Yesterday I mentioned in passing that Jon Huntsman could have presented himself much differently to Republican primary voters, in a way that would have been more appealing to conservatives. Michael Brendan Dougherty’s long Huntsman profile is a powerful illustration of that point: “In Jon Huntsman’s America, once a child survives the first trimester, he’s well on the way to having a rifle in his small hands and extra money in his pockets. If this qualifies as moderate, why be conservative?”
Indeed, Hunstman has a conservative record on taxes, guns, and life. He supported the Ryan plan when most of the rest of the Republican presidential field ran away from it. Even his implicit criticisms of GOP foreign policy under George W. Bush — and they are implicit; note he is unwilling to “re-litigate” the Iraq war — are not made in Ron Paul’s sweeping moral terms, and thus have the potential to appeal to a larger number of Republicans.
Yet Hunstman has instead positioned himself as running against the Republican Party. (And make no mistake: his digs at Rick Perry on global warming and evolution will be seen by many Republicans as running against the party.) Some of this has to do with temperament, as Dougherty notes. Some of it has to do with conservatives’ reluctance to support anyone who worked for Obama in any capacity. Some of it is due to the issues where he does disagree with most conservatives. A lot of it probably has to do with John Weaver.
But it is pretty clear that Hunstman himself buys into the Frum Forum view of what ails the Republican Party. Whatever can be said of that view, it is not widely shared in the party right now. The alternative that was available to Hunstman is the approach taken by Mitt Romney. Romney aggressively courted conservative leaders and the conservative press, selling his record and downplaying his ideological transgressions.
Favorable treatment from the conservative media isn’t everything, but it goes a lot further the fawning mainstream media articles about being a different kind of Republican. It didn’t win Romney the nomination in 2008, but it made him more competive than he would have been as a Massachusetts moderate and he is one of the two likeliest GOP nominees right now. Huntsman is as impressive as Romney in small group settings and his record is to Romney’s right, so the sales job would have been easier.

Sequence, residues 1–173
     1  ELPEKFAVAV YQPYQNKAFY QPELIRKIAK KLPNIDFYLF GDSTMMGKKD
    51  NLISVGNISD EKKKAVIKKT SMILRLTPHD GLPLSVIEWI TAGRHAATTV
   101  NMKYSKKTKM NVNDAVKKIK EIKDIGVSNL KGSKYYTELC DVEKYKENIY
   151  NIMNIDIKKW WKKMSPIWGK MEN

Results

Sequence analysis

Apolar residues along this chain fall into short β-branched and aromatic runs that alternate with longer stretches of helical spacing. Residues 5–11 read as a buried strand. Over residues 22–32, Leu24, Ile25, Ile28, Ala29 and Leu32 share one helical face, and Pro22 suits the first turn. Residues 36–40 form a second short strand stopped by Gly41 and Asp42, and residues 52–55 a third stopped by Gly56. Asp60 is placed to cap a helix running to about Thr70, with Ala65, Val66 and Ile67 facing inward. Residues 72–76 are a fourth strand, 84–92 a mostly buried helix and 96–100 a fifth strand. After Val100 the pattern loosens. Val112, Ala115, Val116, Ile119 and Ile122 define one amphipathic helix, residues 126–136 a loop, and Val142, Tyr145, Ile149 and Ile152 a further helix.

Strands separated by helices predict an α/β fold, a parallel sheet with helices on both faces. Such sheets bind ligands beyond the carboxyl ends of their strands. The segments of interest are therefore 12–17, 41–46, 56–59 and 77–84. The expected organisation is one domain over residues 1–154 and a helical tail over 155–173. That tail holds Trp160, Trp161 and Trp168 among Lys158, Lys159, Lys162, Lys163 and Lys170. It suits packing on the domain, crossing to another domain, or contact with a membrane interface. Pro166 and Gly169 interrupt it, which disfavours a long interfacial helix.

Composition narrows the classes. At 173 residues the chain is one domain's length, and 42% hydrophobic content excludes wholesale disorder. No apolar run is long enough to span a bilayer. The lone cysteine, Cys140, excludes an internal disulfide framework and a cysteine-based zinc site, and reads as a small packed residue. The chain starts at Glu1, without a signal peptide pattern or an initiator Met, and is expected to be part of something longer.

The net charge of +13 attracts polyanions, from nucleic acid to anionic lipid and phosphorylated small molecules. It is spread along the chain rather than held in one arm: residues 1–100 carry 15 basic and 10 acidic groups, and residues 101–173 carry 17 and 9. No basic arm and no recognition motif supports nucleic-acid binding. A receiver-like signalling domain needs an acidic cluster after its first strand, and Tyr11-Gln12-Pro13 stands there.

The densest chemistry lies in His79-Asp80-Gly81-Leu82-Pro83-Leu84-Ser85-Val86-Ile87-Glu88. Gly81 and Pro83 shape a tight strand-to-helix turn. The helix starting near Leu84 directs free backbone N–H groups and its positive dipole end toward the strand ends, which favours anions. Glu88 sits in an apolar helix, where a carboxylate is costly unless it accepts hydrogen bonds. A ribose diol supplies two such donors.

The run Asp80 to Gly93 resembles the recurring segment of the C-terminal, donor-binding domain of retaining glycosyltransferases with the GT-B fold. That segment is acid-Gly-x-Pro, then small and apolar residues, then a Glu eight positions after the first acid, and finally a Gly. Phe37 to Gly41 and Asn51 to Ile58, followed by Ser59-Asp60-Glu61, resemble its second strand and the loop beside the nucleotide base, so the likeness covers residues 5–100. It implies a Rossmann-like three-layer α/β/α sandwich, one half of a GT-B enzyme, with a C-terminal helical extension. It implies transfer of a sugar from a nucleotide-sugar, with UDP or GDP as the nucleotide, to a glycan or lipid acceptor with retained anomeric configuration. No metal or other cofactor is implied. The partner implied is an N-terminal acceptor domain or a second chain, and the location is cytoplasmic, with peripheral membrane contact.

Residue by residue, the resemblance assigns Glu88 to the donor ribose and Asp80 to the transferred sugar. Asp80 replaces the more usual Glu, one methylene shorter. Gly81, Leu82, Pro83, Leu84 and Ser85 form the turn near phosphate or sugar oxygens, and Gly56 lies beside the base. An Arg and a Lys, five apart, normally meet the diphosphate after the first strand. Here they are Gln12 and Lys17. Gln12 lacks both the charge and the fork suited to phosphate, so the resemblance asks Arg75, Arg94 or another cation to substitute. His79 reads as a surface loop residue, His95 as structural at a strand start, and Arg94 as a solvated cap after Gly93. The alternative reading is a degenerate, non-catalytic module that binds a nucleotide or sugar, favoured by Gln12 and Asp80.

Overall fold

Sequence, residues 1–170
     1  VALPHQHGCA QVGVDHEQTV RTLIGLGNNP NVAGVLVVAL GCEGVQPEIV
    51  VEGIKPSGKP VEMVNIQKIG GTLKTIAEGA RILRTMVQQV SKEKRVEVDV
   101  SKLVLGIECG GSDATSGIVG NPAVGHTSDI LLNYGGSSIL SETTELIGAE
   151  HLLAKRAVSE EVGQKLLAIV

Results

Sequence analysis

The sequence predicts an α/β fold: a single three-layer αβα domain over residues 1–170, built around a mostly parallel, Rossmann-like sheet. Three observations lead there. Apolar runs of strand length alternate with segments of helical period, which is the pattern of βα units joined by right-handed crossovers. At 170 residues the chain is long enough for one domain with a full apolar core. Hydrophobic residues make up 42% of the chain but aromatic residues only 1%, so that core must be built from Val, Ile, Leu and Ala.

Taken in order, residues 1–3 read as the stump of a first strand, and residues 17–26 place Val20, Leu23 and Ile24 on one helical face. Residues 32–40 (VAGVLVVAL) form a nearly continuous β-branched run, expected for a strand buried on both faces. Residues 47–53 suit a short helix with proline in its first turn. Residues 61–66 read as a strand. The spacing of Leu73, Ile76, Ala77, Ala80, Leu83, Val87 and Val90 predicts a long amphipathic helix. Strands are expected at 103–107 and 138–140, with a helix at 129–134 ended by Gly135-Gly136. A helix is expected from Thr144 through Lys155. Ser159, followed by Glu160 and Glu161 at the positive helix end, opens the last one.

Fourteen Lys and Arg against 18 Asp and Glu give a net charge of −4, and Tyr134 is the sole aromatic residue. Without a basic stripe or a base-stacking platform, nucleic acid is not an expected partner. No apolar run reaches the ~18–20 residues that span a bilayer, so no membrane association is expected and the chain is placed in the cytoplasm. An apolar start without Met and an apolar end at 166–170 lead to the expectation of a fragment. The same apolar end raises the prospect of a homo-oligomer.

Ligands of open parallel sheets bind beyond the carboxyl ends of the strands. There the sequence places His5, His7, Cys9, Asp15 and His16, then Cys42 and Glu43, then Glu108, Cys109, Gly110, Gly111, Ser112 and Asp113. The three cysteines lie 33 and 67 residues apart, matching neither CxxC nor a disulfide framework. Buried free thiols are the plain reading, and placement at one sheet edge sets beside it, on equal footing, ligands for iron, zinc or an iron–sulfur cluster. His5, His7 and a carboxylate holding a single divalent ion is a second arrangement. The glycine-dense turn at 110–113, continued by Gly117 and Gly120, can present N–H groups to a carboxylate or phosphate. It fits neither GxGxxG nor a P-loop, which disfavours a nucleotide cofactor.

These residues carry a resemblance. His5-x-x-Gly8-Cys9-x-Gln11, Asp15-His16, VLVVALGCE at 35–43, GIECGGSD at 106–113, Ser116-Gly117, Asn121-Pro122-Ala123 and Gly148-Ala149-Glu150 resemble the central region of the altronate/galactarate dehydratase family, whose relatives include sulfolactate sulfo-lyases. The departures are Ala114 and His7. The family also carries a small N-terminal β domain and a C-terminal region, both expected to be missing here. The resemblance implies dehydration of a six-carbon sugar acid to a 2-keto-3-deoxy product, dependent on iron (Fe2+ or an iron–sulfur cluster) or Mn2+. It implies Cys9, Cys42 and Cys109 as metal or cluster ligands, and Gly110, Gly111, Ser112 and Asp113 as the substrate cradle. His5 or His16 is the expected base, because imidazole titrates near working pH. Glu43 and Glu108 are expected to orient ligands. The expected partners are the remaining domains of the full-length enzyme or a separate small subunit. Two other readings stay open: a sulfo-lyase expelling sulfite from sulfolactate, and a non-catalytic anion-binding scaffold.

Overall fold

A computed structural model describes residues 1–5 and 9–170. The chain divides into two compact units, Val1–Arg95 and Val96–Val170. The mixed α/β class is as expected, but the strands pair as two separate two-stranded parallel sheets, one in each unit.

Maybe it’s to Huntsman’s credit that he didn’t take that path, preferring to stay true to what he thought would be best for the party in the general election. But the approach he has preferred has made him the longest of long shots to make it to the general.
UPDATE: John Podhoretz sees John Anderson potential in Huntsman.
UPDATE II: Dan McCarthy argues that Huntsman’s strategy makes a certain Weaveresque sense. He’s certainly right that Huntsman’s Tweets make him, like Ron Paul in 2008, a more interesting also-ran than the others, which is more than Tim Pawlenty managed to do running as a conventional conservative. But my impression is that Huntsman originally planned to try to win the nomination. Even if someone seen as unelectable knocks Romney out of the race — which I’ve long thought was Huntsman’s best shot — he would need to be minimally acceptable to the base.
In terms of winning the nomination, Huntsman’s apparent strategy has never worked. John Anderson under-performed and left the party in 1980. Arlen Specter and Pete Wilson didn’t even make it to 1996. John McCain in 2000 was the most successful. But however much goodwill McCain generated among independents, his attacks on the Christian right put a ceiling on his support and helped ensure he would get crushed in closed primary states. McCain ultimately didn’t win the nomination until he repudiated his maverick past and made nice with the base — and even then he needed a divided field to his right through Super Tuesday to reach the finish line. He also had to pick Sarah Palin to motivate conservatives to come vote for him in November.